Results
The prevalence of self-reported quality of sleep did not change from the pre-ICU period to the post-ICU period. Intensive care patients reported significantly more sleep disturbances than the reference group (P < 0.01). At both 6 and 12 months, the main factor that affected sleep in the former hospitalised patients with an ICU stay was concurrent disease. No effects were related to the ICU period, such as the Acute Physiology and Chronic Health Evaluation score, the length of stay or the treatment diagnosis. There were minor correlations between the rate and extent of sleep disturbance and the health-related quality of life.
Conclusion
There is little change in the long-term quality of sleep patterns among hospitalised patients with an ICU stay. This applies both to the comparison before and after critical care as well as between 6 and 12 months after the ICU stay. Furthermore, sleep disturbances for this group are common. Concurrent disease was found to be most important as an underlying cause, which emphasises that it is essential to include assessment of concurrent disease in sleep-related research in this group of patients.
doi:10.1186/cc6973
PMCID: PMC2575585  PMID: 18673569
9.  Microdialysis shows metabolic effects in skin during fluid resuscitation in burn-injured patients 
Critical Care  2006;10(6):R172.
Introduction
Established fluid treatment formulas for burn injuries have been challenged as studies have shown the presence of tissue hypoxia during standard resuscitation. Such findings suggest monitoring at the tissue level. This study was performed in patients with major burn injuries to evaluate the microdialysis technique for the continuous assessment of skin metabolic changes during fluid resuscitation and up to four days postburn.
Methods
We conducted an experimental study in patients with a burn injury, as represented by percentage of total body surface area burned (TBSA), of more than 25% in a university eight-bed burns intensive care unit serving about 3.5 million inhabitants. Six patients with a median TBSA percentage of 59% (range 33.5% to 90%) and nine healthy controls were examined by intracutaneous MD, in which recordings of glucose, pyruvate, lactate, glycerol, and urea were performed.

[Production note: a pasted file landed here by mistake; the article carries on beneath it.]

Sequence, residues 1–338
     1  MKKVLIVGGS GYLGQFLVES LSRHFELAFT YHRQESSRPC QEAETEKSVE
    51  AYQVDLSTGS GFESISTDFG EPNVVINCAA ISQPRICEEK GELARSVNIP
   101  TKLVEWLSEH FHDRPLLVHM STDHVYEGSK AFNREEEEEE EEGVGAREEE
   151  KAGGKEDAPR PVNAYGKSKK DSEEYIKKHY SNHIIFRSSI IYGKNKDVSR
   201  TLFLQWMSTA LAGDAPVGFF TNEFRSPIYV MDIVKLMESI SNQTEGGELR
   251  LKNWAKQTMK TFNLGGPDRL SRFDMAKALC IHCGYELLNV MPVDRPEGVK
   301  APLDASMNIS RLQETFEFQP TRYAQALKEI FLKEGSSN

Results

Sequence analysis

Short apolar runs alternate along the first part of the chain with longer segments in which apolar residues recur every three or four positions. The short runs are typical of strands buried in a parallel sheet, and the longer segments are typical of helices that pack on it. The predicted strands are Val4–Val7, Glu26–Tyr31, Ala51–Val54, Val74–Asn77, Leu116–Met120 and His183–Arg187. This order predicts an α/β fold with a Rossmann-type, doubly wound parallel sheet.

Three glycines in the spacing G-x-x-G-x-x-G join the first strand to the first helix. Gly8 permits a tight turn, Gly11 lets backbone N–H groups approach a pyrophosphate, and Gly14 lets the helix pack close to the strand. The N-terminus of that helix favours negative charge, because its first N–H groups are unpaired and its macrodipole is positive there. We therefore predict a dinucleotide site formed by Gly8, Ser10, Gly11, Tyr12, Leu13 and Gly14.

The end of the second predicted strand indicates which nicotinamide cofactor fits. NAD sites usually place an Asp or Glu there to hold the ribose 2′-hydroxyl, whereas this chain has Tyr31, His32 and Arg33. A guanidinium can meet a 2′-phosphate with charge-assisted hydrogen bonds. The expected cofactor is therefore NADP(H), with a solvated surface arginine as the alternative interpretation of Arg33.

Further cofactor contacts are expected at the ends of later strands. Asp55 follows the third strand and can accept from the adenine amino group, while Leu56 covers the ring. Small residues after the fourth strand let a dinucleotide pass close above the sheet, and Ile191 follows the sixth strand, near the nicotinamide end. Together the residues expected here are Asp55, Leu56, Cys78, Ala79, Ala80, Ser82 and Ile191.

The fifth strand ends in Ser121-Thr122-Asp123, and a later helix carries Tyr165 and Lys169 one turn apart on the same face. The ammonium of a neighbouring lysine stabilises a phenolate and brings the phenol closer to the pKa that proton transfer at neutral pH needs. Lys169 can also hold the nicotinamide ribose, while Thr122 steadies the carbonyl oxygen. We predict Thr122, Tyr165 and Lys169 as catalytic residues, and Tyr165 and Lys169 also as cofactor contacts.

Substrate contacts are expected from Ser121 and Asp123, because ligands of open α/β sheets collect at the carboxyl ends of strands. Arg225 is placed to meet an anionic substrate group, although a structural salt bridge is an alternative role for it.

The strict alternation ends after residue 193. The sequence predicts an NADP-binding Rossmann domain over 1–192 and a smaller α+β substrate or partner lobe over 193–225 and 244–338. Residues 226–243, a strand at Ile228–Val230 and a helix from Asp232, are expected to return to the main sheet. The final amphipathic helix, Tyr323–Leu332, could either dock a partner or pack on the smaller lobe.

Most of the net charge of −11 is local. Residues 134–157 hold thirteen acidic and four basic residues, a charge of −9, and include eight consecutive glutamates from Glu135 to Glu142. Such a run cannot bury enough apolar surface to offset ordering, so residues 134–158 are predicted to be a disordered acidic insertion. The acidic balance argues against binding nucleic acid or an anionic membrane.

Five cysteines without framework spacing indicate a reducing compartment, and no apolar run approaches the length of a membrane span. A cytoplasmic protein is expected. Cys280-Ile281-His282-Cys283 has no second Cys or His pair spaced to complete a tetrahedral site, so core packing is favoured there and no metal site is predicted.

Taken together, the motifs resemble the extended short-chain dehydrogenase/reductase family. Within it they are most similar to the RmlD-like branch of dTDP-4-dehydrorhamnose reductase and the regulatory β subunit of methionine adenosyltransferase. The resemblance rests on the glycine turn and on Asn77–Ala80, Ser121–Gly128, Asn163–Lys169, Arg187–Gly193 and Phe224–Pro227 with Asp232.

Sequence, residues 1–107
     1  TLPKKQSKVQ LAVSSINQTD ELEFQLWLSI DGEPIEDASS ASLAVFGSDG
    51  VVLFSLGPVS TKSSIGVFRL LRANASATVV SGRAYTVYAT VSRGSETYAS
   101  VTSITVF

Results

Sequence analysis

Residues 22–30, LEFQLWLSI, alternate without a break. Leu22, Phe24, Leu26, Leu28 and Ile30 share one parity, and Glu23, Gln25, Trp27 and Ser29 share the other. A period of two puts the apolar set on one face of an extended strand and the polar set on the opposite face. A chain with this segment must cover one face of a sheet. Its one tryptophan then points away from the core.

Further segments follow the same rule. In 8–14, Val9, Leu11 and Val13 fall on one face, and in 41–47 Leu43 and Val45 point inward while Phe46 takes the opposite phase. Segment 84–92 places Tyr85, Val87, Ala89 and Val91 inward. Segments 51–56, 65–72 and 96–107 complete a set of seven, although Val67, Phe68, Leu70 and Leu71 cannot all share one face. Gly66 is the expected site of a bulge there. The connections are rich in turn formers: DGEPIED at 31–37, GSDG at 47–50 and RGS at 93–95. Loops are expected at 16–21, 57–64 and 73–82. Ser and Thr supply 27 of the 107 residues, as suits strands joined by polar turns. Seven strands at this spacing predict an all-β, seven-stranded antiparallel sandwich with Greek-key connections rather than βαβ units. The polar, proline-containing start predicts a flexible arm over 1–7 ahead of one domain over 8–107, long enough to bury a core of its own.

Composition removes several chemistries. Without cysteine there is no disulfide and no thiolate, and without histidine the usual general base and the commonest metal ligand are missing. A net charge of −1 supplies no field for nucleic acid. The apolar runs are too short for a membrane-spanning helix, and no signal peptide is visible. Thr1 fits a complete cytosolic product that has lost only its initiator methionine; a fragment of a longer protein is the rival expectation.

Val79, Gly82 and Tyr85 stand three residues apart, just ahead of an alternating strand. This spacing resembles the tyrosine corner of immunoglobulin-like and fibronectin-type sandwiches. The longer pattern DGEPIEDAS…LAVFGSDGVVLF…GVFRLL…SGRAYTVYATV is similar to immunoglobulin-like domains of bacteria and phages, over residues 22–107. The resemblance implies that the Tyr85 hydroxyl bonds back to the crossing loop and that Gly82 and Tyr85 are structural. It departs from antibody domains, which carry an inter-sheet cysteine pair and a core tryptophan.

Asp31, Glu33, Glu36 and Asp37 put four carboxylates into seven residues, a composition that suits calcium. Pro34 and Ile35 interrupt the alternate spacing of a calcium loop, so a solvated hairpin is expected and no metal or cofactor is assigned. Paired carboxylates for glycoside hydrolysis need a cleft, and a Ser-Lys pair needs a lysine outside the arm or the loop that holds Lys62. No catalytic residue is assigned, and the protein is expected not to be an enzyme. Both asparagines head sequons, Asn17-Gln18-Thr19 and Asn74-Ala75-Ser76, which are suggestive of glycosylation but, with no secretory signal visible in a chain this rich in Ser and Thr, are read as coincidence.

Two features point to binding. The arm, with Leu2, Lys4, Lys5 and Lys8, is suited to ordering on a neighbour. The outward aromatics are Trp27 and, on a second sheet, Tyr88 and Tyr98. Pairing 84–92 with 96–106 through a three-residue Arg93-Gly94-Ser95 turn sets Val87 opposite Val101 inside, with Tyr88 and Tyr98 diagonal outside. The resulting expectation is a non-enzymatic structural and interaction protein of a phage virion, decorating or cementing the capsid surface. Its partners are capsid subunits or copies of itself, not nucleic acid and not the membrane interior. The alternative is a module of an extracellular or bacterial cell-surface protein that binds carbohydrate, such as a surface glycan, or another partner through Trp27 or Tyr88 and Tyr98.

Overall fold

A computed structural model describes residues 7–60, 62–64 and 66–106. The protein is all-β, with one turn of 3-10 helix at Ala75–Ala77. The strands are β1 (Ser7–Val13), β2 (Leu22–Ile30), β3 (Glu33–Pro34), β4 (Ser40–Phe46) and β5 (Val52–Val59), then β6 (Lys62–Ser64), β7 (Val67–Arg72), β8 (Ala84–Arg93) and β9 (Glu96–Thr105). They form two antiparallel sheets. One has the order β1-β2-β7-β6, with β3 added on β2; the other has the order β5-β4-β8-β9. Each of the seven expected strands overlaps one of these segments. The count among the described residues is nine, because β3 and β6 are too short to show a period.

Results
Blood glucose concentration peaked on day two at 9.8 mmol/l (6.8 to 14.0) (median and range) and gradually declined on days three and four, whereas skin glucose in MD continued to increase throughout the study period with maximum values on day four, 8.7 mmol/l (4.9 to 11.0). Controls had significantly lower skin glucose values compared with burn patients, 3.1 mmol/l (1.5 to 4.6) (p < 0.001). Lactate from burn patients was significantly higher than controls in both injured and uninjured skin (MD), 4.6 mmol/l (1.3 to 8.9) and 3.8 mmol/l (1.6 to 7.5), respectively (p < 0.01). The skin lactate/pyruvate ratio (MD) was significantly increased in burn patients on all days (p < 0.001). Skin glycerol (MD) was significantly increased at days three and four in burn patients compared with controls (p < 0.01).
Conclusion
Despite a strategy that fulfilled conventional goals for resuscitation, there were increased lactate/pyruvate ratios, indicative of local acidosis. A corresponding finding was not recorded systemically. We conclude that MD is a promising tool for depicting local metabolic processes that are not fully appreciated when examined systemically. Because the local response in glucose, lactate, and pyruvate metabolism seems to differ from that recorded systemically, this technique may offer a new method of monitoring organs.
doi:10.1186/cc5124
PMCID: PMC1794489  PMID: 17166287